Should You Eat Before A Workout?
By Ian Servantes
Should you eat before you work out or nah? It’s a question as old as the pursuit to get yoked, and even scientists have long debated this quandary.
And a new study has stepped up to answer the question by examining gene expression on fat tissue, according to Science Daily.
In a study to be published in the American Journal of Physiology, researchers at the University of Bath in the UK had a group of overweight males walk for 60 minutes on a maximum of 60 percent oxygen consumption.
First, they did so on an empty stomach. And in another run (or walk, rather), they ate a breakfast high in carbs two hours before the exercise. To measure the distance, the researchers took multiple samples of blood and fat tissue.
Put simply, the answer to our question above is nah. Fat tissue is busy responding to the meal during exercise, meaning less favorable changes to the tissue and less health benefits in the long term.
Related: Maximise Your Protein Shake
Put more complicated, the expression of two genes, PDK4 and HSL, increases after fasting and exercising and decreases after eating and exercising. The rise in PDK4 likely indicates that stored fat was fueling the metabolism in these men instead of the carbs. And the rise in HSL is typically indicative of fat tissue using stored energy in increased activity—like walking for 60 minutes on a maximum of 60 percent oxygen consumption, for example.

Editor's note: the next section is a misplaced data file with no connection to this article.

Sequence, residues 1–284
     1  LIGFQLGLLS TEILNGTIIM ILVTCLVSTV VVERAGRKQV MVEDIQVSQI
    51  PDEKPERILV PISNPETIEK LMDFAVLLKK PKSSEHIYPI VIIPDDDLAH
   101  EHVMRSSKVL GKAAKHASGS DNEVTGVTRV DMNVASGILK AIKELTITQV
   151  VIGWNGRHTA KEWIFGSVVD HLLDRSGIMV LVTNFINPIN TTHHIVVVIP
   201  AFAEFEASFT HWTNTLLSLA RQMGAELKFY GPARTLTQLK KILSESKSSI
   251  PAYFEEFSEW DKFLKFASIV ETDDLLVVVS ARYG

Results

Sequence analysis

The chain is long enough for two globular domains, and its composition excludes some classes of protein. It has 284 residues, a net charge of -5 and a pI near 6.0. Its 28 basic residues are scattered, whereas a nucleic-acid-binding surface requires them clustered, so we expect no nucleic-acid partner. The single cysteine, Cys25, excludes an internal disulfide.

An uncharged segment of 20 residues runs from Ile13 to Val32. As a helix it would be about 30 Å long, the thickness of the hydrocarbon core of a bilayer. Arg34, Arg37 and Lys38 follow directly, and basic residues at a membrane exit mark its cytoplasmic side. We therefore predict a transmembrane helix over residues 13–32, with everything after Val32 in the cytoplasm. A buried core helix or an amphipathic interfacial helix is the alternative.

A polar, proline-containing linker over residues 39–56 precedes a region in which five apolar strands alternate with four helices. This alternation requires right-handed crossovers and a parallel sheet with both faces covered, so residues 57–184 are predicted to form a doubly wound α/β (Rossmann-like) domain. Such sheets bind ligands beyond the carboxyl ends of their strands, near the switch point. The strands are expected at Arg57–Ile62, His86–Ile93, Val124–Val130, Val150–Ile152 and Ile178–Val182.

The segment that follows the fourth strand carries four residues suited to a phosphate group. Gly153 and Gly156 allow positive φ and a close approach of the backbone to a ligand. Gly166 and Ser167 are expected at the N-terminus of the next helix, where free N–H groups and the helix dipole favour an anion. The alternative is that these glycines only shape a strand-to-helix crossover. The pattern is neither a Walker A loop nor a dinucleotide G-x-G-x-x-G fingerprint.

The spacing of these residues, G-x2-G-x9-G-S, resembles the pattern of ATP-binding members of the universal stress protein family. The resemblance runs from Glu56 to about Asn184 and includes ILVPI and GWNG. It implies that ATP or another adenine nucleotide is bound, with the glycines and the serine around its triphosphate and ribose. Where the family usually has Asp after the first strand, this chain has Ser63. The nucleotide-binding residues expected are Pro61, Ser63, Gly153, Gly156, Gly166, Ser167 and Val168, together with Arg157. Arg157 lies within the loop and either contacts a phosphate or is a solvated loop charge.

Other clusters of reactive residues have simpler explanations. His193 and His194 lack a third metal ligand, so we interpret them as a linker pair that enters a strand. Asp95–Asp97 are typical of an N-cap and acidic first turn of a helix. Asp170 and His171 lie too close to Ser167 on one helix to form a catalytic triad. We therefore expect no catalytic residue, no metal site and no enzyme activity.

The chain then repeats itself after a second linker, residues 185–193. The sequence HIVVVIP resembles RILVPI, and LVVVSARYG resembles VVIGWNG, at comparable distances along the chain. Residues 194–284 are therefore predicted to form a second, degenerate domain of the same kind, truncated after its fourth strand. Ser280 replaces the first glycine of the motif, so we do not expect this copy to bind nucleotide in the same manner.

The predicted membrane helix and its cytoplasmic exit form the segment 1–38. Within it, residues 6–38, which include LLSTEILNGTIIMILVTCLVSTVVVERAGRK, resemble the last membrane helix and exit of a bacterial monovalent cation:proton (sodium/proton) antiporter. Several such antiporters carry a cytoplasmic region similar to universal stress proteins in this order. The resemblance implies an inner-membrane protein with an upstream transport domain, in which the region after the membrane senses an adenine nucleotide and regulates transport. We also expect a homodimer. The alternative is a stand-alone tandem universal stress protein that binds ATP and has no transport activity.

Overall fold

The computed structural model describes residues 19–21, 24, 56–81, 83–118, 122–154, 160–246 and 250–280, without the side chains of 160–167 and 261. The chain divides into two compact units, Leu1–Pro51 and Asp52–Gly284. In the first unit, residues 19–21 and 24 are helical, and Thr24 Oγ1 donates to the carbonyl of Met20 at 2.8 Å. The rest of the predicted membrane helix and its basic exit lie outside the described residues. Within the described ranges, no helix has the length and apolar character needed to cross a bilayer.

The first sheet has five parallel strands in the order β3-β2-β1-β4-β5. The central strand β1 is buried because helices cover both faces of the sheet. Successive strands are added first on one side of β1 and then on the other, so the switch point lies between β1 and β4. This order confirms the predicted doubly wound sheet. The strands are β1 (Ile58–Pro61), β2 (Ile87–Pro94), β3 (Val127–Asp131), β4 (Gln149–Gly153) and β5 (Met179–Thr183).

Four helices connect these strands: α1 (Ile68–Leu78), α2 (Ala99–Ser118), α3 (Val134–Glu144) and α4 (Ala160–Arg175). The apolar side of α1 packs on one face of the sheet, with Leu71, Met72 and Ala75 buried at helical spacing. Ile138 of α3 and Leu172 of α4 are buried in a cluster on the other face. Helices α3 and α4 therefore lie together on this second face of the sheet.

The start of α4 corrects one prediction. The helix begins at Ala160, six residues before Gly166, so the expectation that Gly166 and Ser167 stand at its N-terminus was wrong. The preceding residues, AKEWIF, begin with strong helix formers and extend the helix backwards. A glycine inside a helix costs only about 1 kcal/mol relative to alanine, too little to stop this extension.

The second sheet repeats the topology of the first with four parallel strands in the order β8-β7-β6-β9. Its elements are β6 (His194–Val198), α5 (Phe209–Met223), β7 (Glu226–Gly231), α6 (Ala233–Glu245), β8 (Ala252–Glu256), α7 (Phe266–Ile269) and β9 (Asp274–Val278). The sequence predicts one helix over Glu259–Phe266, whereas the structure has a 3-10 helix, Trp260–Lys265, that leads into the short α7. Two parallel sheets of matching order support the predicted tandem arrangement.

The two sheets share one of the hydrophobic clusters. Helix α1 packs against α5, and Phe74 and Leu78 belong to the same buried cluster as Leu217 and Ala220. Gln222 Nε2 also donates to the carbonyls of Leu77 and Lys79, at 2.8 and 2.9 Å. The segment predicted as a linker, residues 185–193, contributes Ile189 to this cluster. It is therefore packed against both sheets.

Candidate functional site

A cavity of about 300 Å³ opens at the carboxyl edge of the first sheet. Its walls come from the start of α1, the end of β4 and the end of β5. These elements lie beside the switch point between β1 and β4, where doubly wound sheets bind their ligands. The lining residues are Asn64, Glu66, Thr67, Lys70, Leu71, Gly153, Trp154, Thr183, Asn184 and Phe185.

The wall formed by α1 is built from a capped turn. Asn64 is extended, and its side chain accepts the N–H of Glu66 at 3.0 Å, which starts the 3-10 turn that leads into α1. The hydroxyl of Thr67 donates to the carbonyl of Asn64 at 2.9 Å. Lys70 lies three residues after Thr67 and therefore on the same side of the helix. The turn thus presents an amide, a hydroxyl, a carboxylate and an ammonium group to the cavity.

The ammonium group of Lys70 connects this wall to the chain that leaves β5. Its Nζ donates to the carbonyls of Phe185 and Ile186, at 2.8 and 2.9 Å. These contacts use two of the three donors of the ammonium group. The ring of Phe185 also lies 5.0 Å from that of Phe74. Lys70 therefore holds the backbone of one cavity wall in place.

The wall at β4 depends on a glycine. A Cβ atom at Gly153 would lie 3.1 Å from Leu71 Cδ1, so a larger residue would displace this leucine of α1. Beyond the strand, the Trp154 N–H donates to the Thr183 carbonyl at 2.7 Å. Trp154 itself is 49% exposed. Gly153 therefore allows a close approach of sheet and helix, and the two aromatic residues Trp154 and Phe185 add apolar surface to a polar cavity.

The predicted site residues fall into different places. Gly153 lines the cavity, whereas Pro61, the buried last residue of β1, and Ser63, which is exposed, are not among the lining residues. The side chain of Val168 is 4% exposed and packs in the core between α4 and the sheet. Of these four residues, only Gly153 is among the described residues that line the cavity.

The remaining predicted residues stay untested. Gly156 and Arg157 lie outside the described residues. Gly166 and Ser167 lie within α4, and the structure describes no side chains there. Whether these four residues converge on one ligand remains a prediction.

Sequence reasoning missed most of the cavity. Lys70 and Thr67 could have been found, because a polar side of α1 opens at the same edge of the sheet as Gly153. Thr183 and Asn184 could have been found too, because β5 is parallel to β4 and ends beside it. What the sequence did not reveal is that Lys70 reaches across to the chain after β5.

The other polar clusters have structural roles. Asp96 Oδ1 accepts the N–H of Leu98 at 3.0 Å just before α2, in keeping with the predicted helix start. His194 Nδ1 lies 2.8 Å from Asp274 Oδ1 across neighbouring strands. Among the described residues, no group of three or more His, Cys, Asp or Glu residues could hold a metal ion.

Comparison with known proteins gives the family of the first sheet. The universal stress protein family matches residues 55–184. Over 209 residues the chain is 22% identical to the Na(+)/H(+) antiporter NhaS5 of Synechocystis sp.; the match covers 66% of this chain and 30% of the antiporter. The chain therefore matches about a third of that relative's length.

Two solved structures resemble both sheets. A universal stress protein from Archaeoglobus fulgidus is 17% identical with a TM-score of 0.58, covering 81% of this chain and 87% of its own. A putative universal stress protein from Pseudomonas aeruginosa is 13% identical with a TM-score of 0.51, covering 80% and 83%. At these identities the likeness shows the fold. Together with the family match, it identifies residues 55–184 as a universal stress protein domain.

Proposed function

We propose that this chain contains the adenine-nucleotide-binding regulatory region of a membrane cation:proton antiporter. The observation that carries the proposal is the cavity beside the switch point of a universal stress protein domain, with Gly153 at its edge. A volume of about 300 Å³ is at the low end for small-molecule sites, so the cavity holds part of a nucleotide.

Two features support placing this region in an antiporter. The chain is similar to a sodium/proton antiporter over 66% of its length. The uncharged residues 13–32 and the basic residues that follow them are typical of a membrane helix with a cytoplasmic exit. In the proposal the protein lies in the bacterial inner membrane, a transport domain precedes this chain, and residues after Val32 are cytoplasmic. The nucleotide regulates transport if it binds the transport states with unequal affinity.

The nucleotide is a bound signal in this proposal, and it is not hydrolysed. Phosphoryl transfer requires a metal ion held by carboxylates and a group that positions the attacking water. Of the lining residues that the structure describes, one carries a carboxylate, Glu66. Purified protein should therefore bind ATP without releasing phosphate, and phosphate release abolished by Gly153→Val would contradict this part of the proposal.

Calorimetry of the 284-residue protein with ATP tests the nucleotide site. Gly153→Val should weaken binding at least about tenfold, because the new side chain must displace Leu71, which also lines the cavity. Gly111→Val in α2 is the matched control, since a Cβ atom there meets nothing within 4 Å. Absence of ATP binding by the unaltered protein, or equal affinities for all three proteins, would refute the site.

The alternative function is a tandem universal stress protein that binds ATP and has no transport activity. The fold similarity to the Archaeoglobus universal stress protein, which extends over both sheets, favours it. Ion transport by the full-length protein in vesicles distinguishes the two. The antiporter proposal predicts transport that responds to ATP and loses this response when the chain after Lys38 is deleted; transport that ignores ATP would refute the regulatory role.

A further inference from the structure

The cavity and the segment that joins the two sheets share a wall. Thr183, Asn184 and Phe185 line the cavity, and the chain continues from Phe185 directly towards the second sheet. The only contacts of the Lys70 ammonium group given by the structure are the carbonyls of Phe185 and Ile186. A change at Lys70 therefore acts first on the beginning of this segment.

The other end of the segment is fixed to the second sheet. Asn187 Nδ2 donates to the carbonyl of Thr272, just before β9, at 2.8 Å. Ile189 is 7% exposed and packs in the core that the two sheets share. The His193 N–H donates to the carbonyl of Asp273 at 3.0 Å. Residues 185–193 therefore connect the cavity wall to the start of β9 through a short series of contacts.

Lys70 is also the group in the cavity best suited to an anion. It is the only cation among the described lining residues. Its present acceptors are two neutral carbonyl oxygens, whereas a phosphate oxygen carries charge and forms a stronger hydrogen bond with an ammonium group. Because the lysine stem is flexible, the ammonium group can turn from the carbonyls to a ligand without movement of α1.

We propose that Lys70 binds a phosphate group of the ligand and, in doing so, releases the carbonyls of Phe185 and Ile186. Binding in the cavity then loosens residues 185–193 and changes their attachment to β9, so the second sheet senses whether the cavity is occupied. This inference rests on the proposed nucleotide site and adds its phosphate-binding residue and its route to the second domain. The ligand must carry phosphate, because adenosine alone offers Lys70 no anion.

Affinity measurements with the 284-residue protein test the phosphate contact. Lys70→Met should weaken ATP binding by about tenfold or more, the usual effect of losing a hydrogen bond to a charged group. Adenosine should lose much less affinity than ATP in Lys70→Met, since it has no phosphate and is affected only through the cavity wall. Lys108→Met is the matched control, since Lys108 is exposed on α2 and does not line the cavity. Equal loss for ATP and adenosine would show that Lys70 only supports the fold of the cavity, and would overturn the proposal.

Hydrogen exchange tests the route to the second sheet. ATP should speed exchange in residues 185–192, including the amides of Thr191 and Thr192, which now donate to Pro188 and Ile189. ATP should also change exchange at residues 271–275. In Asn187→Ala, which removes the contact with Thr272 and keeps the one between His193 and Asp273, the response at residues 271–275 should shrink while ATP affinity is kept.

So, there's your answer—for now, anyway. After all, as we've pointed out in the past, working out on an empty stomach doesn't necessarily help you lose weight any faster than working out on a full stomach.
Latest Health Stories
Having diabetes would increase your risk of erectile dysfunction by three times.
Eating a Mediterranean diet may protect you from memory declines and brain blips, research suggests.
Looks like how dirty your house is may contribute to your fat gain.
All you need to know about rhabdomyolysis, a condition often caused by hard exercise.
How many hours is too much? Here's the number and why overworking can be dangerous for your heart.
- 1 of 217